Carrying a balance can also get expensive thanks to interest charges. While a cash-back card can help you save money on your everyday spending, all that savings is for nothing if you’re paying interest.
3. Overspending on indulgences
Credit cards make purchases easy, as cardholders needn’t bear the pain to visit a bank or an automated teller machine (ATM) to withdraw and spend money.
Moreover, the card may be used to purchase a thing for which you don’t have enough money in hands and rely on future earnings to pay the bill. You should then go for the purchase only if it is necessary.
Overspending on indulgences is a bad habit, which may force you to postpone credit card payments and, if not checked, it may not only hurt your credit score, but may ultimately make you bankrupt.
So, always remember that credit cards should only be used during times of emergencies and not for luxury purchases.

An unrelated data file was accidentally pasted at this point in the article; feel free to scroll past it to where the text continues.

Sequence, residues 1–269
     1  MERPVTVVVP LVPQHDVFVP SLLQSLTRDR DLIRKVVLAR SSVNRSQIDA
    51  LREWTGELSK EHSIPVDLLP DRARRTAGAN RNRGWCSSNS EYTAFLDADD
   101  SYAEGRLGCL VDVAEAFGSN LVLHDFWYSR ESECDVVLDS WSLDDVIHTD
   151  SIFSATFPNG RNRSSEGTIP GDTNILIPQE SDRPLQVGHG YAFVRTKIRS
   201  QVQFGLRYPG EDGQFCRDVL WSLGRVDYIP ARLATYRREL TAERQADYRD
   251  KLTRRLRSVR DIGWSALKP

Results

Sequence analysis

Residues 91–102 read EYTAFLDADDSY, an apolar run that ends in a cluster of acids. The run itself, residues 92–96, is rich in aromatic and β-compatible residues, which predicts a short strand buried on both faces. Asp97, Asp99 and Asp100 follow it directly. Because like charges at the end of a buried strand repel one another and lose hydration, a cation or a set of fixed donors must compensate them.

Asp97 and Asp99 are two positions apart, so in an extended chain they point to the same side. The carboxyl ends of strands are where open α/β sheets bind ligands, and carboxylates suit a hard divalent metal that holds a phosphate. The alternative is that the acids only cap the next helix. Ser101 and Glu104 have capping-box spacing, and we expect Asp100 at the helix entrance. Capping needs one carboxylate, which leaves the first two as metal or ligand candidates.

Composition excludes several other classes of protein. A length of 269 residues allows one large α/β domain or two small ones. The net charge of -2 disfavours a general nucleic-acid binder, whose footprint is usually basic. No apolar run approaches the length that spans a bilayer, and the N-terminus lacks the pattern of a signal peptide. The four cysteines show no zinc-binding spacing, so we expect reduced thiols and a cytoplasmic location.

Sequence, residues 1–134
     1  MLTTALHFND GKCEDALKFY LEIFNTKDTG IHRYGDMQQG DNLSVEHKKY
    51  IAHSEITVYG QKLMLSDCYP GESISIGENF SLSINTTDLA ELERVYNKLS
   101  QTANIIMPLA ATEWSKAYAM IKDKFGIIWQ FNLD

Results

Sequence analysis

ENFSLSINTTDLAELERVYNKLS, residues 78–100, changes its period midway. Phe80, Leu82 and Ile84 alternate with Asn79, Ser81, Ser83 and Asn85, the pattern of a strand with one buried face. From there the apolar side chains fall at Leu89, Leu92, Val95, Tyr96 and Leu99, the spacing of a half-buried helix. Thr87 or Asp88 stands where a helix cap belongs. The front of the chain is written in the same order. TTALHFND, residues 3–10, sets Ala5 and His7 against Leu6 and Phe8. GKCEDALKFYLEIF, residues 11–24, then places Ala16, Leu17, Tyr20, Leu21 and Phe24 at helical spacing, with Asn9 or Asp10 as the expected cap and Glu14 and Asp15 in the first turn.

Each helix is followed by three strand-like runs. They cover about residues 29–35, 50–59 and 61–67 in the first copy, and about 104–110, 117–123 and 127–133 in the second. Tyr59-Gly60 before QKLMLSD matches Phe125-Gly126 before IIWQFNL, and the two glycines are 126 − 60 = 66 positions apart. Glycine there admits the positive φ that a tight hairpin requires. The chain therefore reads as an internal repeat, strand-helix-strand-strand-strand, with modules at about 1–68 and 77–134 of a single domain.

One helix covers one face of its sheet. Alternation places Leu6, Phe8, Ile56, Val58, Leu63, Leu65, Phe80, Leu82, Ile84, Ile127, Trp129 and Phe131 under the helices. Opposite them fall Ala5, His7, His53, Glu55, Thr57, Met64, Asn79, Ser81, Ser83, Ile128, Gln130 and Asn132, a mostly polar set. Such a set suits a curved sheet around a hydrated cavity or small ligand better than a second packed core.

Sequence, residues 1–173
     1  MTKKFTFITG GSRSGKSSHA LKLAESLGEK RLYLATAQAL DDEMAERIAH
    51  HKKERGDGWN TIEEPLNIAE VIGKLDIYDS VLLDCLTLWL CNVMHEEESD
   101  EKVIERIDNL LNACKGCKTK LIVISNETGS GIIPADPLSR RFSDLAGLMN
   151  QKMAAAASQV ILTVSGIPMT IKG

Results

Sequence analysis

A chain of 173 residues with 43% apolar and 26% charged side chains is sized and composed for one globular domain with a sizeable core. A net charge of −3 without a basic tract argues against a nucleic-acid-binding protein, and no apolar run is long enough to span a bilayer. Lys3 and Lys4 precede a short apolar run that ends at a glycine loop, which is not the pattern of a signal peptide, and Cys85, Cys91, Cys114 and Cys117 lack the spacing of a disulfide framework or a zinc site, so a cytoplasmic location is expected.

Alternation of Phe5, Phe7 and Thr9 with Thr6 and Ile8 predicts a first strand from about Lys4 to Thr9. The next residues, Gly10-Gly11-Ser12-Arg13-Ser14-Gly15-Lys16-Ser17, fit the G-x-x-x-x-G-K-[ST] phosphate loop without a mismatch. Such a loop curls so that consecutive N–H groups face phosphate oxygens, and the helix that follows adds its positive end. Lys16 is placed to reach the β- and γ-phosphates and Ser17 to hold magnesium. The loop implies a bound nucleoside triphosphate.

4. Rolling over card payments
While you should always make at least the minimum payments, it’s not advised to only pay the minimum due.
Banks give options to make minimum partial payments that often misled cardholders into thinking that it’s fine not to pay the bill amount in full.
But remember that credit cards have ceiling interest rates. A partial payment may save you from late payment penalties, but it will still incur interest rates until you settle your balance.
Only paying the minimum can add months — even years — to the time it takes you to pay off debt. So, spend only that much through your card, which you can pay on or before the due date of bill payment.
Have a payment plan in place before you take on bigger expenses, and always make consistent, on-time payments toward your balance.
5. Missing a payment
Late or missed payments can seriously hurt your credit score if you’re more than 30 days past due.
You can expect a drop of 17 to 83 points for a 30-day missed payment and a 27 to 133 decrease for a 90-day missed payment, according to a compilation of data from credit bureaus worldwide.
However, if your payment is less than 30 days late, you won’t see a drop in your credit score since a payment has to be a full 30 days past due before it’s reported to the credit bureaus.
But you may incur a late fee or penalty interest rate — which raises your card's annual percentage rate or APR (the credit card's interest rate, which is the price you pay for borrowing money).